On Monday at 11:47 a.m. at the Kennedy Space Center in Florida, for the first time ever, SpaceX and NASA sent a satellite into low-earth orbit hoping that it’ll get hacked.
Several small square-shaped satellites called cubesats were strapped to the SpaceX rocket launched for a resupply mission to the International Space Station. One of those cubesats — called Moonlighter — will be used as an experimental “hacking sandbox.” Security researchers will use that sandbox as part of a competition taking place at the annual DEF CON hacking conference in Las Vegas later this year. Teams will attempt to infiltrate it all in the service of identifying vulnerabilities in satellites to improve cybersecurity in space.
A collaboration between The Aerospace Corporation, the Air Force Research Laboratory and U.S. Space Systems Command, Moonlighter represents the latest iteration of the Hack-A-Sat competition. The Air Force has hosted Hack-A-Sat since 2020 as a multi-year effort to increase collaboration with cybersecurity researchers, but the past three capture-the-flag contests have all been simulations.
This year they wanted to take the competition to a whole new level. “We wanted a vehicle where the sole purpose was to understand how to do cyber operations in space,” said Aaron Myrick, senior project engineer at The Aerospace Corporation.
Securing space systems has become more of a focus for the space industry and the Biden administration as experts are growing increasingly alarmed about new commercial off-the-shelf products with potential vulnerabilities. Just last week, experts in the field launched a worldwide effort to create voluntary technical standards through the Institute of Electrical and Electronics Engineers to better secure commercial products by design.
“We’re really trying to wrap our heads around cybersecurity operations and how do we do cyber operations on a system that is starting to have a lot more commoditized hardware and software, but it’s also extremely remote,” said Myrick. “We can’t just go up there and flip the power switch or change a hard drive … it’s quite a challenging problem.”
Earlier this year, the White House held a space cybersecurity summit with some of the biggest players. Additionally, CSC 2.0 —a continuation of the congressional Cyberspace Solarium Commission — called for space systems to be designated as critical infrastructure.
While cyberattacks against space systems may not be common, the potential consequences for an attack was most recently seen during the start of the Russian invasion after state-backed hackers targeted U.S.-based Viasat’s satellite modems. The attack was aimed at impacting Ukrainian command and control during the start of the invasion, but also included cascading impacts that spread to thousands of German wind farms and satellite internet connections across Europe.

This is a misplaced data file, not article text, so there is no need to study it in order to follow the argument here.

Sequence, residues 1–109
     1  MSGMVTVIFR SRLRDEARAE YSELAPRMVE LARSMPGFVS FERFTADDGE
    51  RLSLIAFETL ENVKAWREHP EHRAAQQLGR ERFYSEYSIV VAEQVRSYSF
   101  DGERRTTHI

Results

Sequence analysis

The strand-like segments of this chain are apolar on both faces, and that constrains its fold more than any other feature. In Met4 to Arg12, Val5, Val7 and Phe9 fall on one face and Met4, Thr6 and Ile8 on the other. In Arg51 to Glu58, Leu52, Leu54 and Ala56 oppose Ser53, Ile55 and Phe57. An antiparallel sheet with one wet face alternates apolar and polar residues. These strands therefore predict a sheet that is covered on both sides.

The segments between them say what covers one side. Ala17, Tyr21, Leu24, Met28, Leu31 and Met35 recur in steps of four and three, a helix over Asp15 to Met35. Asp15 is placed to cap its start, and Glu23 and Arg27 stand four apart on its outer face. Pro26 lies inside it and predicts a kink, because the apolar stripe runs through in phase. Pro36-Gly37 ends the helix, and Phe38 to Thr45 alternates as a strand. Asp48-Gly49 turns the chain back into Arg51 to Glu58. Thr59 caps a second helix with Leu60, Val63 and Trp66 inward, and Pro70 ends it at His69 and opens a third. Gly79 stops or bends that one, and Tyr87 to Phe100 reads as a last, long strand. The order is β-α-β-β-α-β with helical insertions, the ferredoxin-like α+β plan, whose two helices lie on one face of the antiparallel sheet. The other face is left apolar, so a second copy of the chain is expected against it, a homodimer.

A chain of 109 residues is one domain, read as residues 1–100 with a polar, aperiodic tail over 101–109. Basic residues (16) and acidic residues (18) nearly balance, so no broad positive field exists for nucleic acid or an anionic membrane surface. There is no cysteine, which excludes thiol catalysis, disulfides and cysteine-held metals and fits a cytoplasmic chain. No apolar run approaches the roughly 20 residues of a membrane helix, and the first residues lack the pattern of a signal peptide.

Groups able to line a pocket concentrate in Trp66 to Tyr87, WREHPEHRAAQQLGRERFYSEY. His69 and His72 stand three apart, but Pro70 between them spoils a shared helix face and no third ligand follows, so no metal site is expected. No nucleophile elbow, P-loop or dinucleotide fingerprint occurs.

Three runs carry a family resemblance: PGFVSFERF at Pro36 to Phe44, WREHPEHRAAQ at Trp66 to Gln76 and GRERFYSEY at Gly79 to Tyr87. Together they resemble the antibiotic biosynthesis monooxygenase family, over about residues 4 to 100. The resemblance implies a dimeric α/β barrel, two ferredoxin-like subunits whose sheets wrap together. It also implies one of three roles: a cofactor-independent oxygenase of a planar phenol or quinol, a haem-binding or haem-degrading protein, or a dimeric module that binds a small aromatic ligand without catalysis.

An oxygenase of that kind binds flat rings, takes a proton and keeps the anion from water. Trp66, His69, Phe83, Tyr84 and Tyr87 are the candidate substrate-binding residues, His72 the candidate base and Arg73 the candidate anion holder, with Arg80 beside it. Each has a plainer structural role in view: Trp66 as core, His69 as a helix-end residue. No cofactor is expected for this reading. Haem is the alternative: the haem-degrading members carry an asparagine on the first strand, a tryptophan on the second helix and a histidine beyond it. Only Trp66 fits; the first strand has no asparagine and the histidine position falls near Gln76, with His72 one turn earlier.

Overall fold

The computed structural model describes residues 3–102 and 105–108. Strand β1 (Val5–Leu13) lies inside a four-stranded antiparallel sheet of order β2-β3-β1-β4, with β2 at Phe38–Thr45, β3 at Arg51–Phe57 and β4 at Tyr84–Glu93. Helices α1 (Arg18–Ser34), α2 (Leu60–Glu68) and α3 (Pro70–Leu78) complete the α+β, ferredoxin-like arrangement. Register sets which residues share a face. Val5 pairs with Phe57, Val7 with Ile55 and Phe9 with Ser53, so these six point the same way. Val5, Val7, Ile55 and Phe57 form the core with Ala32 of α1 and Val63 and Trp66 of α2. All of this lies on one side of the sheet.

Myrick said the space industry understands many of the physical risks associated with space such as harsh radiation levels, but cybersecurity still presents many challenges that experts are just beginning to resolve. While simulating cyberattacks in a real-world environment will be helpful, Myrick explained, it won’t answer every question about how satellites could be affected in an attack outside the test environment.
“Moving to on-orbit actually introduces a lot of challenges, but it removes a lot of the sims you build into it,” Myrick said. For example, satellites actually spend much of their time disconnected from an operation center and are fairly automated, adding additional layers of complexity, Myrick said. Operators may simply not have full knowledge of what is impacting those space systems at particular periods of time.
Test-beds such as Hack-A-Sat allow for researchers to discover how hackers target networks in space systems they may not be familiar with, which will be mapped to a space-centric attack framework called SPARTA.
There will be limits to just how far Hack-a-Sat contestants can go. They will be able to hack at the Moonlighter’s cyber payload while in-orbit, but won’t be able to change the orbit.
“We are designing the flight software for the cyber payload to basically be able to operate the vehicle fully. So it will be able to change how the vehicle is pointed,” Myrick said. “There’s no orbit changes. That’s all pretty fixed, but where that vehicle was pointed that ability will be there.”
Myrick said that the Moonlighter has a supervisory layer that can shut off the cyber payload so if something “inevitably” goes wrong, they can “figure out what went wrong and how we can be better.”
Five teams have made to the finals at DEF CON this August to compete for the $50,000 grand prize.